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Lei Liu, MD, PhD

BWH Job Title:

Lead Investigator

Academic Rank:

Assistant Professor




Lei Liu

Unveiling γ-secretase Abnormality: Unraveling the Fundamental Pathophysiology of Alzheimer's Disease


The γ-secretase is responsible for the proteolysis of amyloid precursor protein (APP) into amyloid-beta (Aβ) peptides, which are centrally implicated in the pathogenesis of Alzheimer’s disease (AD). PSEN1 forms the catalytic core of the γ-secretase complex and thereby directly mediates the stepwise hydrolysis of the APP transmembrane domain, yielding Aβ peptides with different C-terminal lengths, ranging from 37 to 49. In terms of PSEN1 enzymology, higher production of longer Aβ indicates a deficiency of enzymatic processivity. The longer the peptide goes, the more hydrophobic transmembrane region of APP retains in the Aβ peptide. From both familial and sporadic AD patients’ brains, we have consistently observed the deposition of longer, aggregation-prone Aβ peptides, such as any peptide species longer than 42 residues.

Physiologically, 10% of all Aβ produced by wild-type human PSEN1 is aggregation-prone species, which suggests an under optimal enzymatic processivity. More than 300 missense AD-causative PSEN1 mutations could further exaggerate this enzymatic processivity deficit, increasing the aggregation-prone species production up to 50% of all Aβ produced. Meanwhile, multiple APP mutations could work through a similar mechanism to amplify the γ-secretase abnormality, increasing aggregation-prone species production to 70% of all Aβ produced. Through the last decade of research, we have identified the detailed mechanism of this innate enzymatic processivity deficit with wild-type PSEN1 and APP; and also, how this deficit gets amplified by disease-causing mutations. We first discovered PSEN1 and APP variants could overcome this innate enzymatic issue through enhancing the substrate (APP) and enzyme (PSEN1) biomolecular affinity. Later, we confirmed this mechanism shared with the effects of a class of promising small molecules, γ-secretase modulators (GSM). Next, we found the enzymatic processivity deficit of each AD-causative PSEN1 mutation accurately predicts the age of onset (AOOs) for familial autosomal dominant AD patients (ADAD). Further, we leverage the same system to functionally characterize APP processing by γ-secretase across a large set of PSEN1 pathogenic variants with AAOs ranging from the 20s to the 70s. We then found how this mutation-level characterization of γ-secretase function may explain heterogeneity in neuroimaging and biofluid biomarkers, as well as clinical measures among PSEN1 carriers with available data from the Dominantly Inherited Alzheimer’s Network Observational Study (DIAN-Obs).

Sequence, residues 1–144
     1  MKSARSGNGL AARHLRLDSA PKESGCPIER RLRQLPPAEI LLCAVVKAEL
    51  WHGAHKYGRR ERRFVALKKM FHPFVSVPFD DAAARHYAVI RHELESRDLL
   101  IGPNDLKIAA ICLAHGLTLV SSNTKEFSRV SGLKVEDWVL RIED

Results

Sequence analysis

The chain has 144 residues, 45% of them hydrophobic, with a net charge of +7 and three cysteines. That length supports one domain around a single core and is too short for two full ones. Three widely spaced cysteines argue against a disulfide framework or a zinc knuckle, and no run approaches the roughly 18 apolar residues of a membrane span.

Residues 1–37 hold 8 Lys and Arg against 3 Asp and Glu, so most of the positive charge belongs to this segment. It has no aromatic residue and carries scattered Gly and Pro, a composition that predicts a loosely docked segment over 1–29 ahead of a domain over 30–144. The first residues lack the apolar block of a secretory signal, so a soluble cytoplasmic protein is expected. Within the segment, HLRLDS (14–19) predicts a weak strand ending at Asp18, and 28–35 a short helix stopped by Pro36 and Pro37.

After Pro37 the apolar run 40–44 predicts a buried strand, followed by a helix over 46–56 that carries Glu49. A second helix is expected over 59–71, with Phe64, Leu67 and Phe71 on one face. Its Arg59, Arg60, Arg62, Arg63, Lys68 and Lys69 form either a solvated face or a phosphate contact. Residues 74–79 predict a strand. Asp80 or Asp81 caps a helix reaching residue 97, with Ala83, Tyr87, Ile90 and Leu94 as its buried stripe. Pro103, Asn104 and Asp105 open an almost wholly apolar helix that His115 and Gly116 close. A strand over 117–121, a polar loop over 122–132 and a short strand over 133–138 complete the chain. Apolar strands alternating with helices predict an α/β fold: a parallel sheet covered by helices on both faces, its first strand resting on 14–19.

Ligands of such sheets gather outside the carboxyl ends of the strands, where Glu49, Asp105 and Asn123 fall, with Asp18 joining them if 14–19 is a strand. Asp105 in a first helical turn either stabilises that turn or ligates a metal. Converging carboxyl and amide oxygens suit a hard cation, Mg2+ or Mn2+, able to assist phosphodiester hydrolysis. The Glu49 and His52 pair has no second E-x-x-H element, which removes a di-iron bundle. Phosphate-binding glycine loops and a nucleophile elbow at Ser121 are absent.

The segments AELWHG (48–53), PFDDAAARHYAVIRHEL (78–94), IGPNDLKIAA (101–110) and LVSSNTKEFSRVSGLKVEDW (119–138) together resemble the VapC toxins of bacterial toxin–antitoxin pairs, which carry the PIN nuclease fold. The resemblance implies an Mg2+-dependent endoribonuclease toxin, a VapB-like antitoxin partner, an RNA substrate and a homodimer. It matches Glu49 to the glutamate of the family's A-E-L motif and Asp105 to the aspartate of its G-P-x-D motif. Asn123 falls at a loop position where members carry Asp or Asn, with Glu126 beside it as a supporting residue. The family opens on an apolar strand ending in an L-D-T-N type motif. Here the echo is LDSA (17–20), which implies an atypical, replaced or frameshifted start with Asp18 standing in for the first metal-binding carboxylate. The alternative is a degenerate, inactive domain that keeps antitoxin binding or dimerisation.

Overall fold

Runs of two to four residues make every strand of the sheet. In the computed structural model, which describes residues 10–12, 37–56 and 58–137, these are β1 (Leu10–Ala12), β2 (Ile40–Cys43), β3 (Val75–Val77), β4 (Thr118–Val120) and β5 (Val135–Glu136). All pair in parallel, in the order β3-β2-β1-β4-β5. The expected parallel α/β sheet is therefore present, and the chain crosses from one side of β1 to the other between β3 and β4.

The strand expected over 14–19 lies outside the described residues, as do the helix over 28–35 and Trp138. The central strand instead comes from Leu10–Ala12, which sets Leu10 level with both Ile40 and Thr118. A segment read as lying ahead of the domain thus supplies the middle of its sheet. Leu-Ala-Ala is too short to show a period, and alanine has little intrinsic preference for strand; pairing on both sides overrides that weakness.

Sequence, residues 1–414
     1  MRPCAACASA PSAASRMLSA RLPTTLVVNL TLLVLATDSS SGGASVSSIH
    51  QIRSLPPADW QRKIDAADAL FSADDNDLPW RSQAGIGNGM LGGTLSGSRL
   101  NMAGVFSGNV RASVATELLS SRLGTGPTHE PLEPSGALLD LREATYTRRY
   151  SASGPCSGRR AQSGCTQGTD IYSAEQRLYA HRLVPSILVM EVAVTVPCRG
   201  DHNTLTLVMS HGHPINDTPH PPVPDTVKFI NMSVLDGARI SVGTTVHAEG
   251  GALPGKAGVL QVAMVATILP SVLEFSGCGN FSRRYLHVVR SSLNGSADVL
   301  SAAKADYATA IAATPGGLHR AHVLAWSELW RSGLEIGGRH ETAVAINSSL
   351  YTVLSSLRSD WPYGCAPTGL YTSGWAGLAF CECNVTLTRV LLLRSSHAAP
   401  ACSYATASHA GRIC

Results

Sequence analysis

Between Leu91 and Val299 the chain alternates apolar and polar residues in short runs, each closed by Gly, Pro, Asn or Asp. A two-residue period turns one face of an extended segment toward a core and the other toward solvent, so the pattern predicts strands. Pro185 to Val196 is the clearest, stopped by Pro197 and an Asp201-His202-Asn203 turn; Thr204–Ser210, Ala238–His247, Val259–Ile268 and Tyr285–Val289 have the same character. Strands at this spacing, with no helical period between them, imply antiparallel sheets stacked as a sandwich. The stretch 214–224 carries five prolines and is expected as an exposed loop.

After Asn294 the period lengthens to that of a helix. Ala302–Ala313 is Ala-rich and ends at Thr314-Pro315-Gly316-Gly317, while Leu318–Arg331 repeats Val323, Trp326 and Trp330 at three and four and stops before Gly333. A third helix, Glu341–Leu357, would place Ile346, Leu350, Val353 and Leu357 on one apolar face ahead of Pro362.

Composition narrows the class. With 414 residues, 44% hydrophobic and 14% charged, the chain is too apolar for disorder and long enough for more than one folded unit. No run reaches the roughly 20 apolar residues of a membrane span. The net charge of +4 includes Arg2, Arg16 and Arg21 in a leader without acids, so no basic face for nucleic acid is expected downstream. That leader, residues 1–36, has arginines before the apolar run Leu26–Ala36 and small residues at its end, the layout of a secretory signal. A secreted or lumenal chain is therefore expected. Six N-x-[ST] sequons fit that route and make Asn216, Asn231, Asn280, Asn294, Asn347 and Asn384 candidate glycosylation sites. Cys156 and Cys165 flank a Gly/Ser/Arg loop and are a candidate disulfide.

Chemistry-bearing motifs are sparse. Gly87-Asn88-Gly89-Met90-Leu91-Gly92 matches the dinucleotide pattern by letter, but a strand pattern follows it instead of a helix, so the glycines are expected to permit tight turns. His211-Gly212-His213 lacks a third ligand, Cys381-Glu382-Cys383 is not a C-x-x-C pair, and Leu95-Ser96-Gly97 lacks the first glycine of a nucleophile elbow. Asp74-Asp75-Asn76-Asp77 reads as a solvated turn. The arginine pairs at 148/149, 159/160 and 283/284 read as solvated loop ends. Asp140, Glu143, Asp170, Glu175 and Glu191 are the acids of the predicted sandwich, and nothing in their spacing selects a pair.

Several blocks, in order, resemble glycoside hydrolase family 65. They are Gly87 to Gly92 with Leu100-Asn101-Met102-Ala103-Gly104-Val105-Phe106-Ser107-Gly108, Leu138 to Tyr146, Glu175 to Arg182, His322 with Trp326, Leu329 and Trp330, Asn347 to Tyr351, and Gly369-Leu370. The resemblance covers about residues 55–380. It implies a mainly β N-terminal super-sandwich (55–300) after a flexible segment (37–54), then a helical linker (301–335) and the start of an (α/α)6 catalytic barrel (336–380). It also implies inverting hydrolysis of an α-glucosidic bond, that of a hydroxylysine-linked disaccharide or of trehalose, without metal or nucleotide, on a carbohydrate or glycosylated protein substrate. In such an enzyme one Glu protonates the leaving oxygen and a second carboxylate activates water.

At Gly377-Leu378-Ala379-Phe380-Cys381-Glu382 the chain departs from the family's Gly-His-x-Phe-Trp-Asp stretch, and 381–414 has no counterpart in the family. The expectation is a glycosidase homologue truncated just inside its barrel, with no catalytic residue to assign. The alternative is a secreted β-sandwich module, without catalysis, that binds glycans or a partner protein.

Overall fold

From our decades-long scientific investigation, our main findings are the γ-secretase activity 1) is already optimal under physiological conditions; 2) is further impaired with PSEN1 mutations, in which the impairment correlates to the clinical phenotypes; 3) is also impaired as the aging process and AD brain pathology advance in the sporadic AD context; and 4) could be restored with artificial variants genetically or GSM pharmacologically. Currently, multiple pharmaceutical companies revive GSM programs in the light of anti-amyloid therapy successes, exemplified by the launch of Lecanemab. Here we are highlighting the γ-secretase abnormality as the fundamental pathophysiology of AD.

1. Nishimura, M. et al. Age-related modulation of γ-secretase activity in non-human primate brains. J Neurochem 123, 21-28 (2012).
2. Bhattarai, S., Liu, L. & Wolfe, M. S. Discovery of aryl aminothiazole γ-secretase modulators with novel effects on amyloid β-peptide production. Bioorg Med Chem Lett 54, 128446 (2021).
3. Liu, L., Lauro, B. M., Wolfe, M. S. & Selkoe, D. J. Hydrophilic loop 1 of Presenilin-1 and the APP GxxxG transmembrane motif regulate γ-secretase function in generating Alzheimer-causing Aβ peptides. Journal of biological chemistry 296, (2021).
4. Stephanie, A. S. et al. Functional variations in gamma-secretase activity are critical determinants of the clinical, biomarker, and cognitive progression of autosomal dominant Alzheimer’s disease. bioRxiv 2023.07.04.547688 (2023).
5. Liu, L. et al. Identification of the Aβ37/42 peptide ratio in CSF as an improved Aβ biomarker for Alzheimer’s disease. Alzheimers Dement 19, 79-96 (2023).
6. Schultz, S. A. et al. Location of pathogenic variants in PSEN1 impacts progression of cognitive, clinical, and neurodegenerative measures in autosomal-dominant Alzheimer’s disease. Aging Cell 22, e13871 (2023).